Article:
• Hitch in daylight. Night hitching is probably safe, but it’s much harder. No one can see you, there are less drivers on the road – and the ones that do and are, are knackered and just want to get home.

But if there’s one golden rule I’ve learnt over and over again, it is this:

Don’t, under any circumstances, ever give up.

Last weekend I hitched to the Lake District and back in 36 hours. One particularly dark moment served to illuminate this rule better than most. I was stuck in Skipton. No one was stopping for me, several young ruffians had shouted at me, sworn and given me the finger. I trudged miserably up the road, in the misting rain, for about three hours.

I’d given up. I wasn’t even sticking out my thumb.

Then a van pulled over to the side of the road ahead of me. He must be checking a map, I thought, and I trudged slowly onward. I was just walking past him, when I noticed his window was wound down. Then I saw him looking at me, but I’d still given up. He moved to speak to me. He’s probably lost, he probably wants to ask me directions, I think.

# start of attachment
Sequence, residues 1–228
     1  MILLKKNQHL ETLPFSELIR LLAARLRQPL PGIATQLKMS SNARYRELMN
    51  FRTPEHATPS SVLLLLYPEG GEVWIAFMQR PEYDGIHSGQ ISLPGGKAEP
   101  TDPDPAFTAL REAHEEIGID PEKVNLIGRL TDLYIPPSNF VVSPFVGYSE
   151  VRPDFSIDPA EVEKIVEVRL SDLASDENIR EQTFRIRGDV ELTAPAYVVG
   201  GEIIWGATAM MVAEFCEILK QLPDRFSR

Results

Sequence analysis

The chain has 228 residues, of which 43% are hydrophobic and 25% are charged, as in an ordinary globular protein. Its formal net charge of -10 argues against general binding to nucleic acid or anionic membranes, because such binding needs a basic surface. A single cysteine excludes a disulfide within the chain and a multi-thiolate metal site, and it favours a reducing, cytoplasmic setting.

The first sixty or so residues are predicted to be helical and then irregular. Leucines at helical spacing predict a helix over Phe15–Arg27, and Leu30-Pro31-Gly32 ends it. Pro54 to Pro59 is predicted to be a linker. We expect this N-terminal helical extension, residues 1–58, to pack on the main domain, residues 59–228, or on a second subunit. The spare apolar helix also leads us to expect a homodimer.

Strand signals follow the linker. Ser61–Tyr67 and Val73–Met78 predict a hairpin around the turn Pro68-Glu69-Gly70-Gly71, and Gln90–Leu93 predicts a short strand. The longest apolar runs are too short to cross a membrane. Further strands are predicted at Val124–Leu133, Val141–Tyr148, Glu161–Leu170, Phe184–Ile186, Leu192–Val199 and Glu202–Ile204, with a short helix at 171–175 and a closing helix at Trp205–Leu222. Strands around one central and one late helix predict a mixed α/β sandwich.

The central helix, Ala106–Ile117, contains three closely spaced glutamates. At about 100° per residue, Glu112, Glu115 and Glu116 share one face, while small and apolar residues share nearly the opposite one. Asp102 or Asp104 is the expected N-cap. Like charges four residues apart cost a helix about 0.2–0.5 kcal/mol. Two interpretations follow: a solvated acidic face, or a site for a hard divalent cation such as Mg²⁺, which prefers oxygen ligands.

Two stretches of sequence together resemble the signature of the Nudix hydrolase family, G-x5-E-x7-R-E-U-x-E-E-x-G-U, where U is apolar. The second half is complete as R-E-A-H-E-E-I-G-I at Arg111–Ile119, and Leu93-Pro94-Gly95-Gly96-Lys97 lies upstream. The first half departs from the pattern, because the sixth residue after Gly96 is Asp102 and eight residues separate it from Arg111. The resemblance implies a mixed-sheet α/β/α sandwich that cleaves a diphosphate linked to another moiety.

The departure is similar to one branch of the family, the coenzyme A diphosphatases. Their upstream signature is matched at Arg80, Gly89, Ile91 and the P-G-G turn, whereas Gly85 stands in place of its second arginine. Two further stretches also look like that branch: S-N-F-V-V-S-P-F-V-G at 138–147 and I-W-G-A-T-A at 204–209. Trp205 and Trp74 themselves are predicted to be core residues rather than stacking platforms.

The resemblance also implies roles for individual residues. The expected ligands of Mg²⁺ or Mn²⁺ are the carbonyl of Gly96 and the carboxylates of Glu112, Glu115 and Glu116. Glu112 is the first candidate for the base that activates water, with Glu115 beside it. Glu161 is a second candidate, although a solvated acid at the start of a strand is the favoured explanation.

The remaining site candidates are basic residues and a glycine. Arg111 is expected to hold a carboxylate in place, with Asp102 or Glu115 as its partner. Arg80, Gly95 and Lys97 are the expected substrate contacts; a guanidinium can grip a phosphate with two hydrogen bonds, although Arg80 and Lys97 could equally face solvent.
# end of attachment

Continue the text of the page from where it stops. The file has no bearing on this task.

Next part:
Then this happens:

“Were you the lad with a sign to Kendal earlier?”
“Er… Yeah?”
“What? Have you given up on that?”
“Er… No?”
And he jerked his thumb to the back of his van. “Hop in then.”

And he drove me all the way to Keswick: never, ever, under any circumstances, give up.


Money’s a funny thing. It seems to be the most important thing in all the world, essential to feeding and loving and living. Then, just when it seems more important than ever, you realise that it isn’t at all.

But surely money…

  • gives you power.
  • makes you feel good.
  • makes other people respect you.

Well, yeah it does. But it’s a short-cut.